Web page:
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Posted By On June 2, 2005 @ 12:54 PM In File & Disk Management | Comments Disabled
Tired of having your kids clog the hard drive with music downloads? Want more control over how much space users can access? Then you need to enable Disk Quotas in XP.
With Disk Quotas you can limit and monitor disk space usage on your drives. You do need to have the drive formatted in NTFS to do this.
From the “My Computer” window right-click any drive or partition icon and choose “Properties”. Select the “Quota” tab then check the “Enable quota management” box.
Check “Deny disk space to users exceeding quota limit” to prevent users from saving files that go over their assigned limit. If you don’t check this they can exceed their limit but you can still track usage.
Check “Log event when a user exceeds their quota limit” if you want to know whenever a user exceeds their quota limit.
Click Apply to save settings. Windows will then calculate the disk space and log space taken by files created, saved, or copied by each user—this can take a few minutes.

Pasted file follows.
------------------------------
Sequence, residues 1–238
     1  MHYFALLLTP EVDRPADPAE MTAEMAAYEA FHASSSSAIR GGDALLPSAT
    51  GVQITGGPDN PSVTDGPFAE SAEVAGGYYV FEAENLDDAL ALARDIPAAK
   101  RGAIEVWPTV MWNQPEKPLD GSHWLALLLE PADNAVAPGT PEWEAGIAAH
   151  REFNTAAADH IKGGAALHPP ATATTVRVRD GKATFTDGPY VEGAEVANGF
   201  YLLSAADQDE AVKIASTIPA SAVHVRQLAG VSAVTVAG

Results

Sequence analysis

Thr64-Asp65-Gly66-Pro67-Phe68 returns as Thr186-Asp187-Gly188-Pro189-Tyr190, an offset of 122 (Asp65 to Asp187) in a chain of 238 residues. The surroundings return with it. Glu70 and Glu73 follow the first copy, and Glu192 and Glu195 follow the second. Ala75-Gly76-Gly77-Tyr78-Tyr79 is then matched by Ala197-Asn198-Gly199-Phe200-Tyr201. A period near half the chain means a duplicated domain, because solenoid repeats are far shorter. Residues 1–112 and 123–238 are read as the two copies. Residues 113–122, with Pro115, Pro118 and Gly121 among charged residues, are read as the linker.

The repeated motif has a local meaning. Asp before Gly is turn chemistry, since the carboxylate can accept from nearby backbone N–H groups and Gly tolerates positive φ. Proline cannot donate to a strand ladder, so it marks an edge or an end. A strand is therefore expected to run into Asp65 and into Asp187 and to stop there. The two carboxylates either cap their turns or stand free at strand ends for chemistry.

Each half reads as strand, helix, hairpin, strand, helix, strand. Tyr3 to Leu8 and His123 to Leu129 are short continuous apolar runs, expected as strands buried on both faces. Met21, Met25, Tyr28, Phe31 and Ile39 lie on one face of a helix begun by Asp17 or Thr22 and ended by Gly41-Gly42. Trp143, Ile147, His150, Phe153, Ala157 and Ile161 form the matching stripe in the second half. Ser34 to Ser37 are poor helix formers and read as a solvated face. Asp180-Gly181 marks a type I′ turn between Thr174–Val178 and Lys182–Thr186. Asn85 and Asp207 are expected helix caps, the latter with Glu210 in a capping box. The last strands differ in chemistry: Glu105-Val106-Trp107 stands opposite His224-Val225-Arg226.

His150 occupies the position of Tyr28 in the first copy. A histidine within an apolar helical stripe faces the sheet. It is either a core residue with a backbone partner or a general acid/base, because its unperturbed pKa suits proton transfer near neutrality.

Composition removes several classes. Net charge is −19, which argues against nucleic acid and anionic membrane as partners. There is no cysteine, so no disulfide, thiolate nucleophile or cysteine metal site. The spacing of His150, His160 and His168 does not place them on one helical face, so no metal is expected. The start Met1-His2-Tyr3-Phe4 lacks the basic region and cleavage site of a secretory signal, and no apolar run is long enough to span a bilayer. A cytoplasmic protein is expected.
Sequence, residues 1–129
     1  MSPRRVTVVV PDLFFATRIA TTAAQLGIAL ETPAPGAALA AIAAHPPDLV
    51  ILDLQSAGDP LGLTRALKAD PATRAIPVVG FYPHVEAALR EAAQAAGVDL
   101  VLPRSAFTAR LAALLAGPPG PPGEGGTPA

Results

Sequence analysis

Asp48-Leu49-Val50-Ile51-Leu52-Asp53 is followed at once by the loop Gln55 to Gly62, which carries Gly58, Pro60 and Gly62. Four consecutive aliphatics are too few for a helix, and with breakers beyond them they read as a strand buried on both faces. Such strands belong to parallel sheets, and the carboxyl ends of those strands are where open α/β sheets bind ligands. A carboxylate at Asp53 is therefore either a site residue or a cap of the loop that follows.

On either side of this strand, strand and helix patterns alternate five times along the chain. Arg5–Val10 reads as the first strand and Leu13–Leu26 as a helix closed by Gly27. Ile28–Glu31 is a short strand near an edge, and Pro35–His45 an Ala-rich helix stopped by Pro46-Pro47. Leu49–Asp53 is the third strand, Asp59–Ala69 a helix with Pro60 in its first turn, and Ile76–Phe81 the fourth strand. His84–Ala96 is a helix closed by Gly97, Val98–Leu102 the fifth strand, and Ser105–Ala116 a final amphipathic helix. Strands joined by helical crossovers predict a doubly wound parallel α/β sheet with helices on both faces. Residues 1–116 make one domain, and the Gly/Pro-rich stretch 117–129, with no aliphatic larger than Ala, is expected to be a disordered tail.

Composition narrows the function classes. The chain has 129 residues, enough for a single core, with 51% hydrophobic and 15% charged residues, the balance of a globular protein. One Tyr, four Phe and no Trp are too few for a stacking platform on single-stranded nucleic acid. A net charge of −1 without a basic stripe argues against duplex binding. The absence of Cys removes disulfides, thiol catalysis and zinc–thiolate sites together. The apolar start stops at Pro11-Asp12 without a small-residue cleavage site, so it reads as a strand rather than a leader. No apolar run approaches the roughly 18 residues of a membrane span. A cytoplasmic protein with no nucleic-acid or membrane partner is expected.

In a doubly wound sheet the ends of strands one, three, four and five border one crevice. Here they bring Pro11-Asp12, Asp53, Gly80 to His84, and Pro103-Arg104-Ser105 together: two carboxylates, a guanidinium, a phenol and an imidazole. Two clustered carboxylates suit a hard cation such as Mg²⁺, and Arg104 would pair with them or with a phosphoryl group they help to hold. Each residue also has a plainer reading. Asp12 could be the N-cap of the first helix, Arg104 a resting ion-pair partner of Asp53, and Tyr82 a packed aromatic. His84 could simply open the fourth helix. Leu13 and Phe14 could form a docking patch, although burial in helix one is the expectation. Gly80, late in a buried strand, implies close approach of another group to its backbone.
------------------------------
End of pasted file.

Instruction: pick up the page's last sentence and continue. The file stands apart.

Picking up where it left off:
Now click the “Quota Entries” button to bring up the log. You’ll see columns for the Folder, Status, User name, Logon name, Quota Limit, and more.
Double click the user that you want to set limits for in the “Name” column.
Select the “Limit disk space to” radio button. From the drop down list select the file size type (KB, MB, GB) then type in a number. Once this level is reached, if you have “Deny disk space to users who exceed…” checked on the main screen, then when the allocated space is full the user cannot save any more files.
You can set the warning level to alert the User when they get close to their limit (maybe 1 or 2 MB away).
Click OK and the setting will appear in the log for that user.
You can always change these settings or turn disk quotas off.
Also, as long as the other users have limited accounts they can’t access disk quotas or make any changes.
So when your kid comes whining to you that they can’t save a song they want to download, tell them they need to save some files to disk or delete old ones from the drive.
David Samuel Thomas
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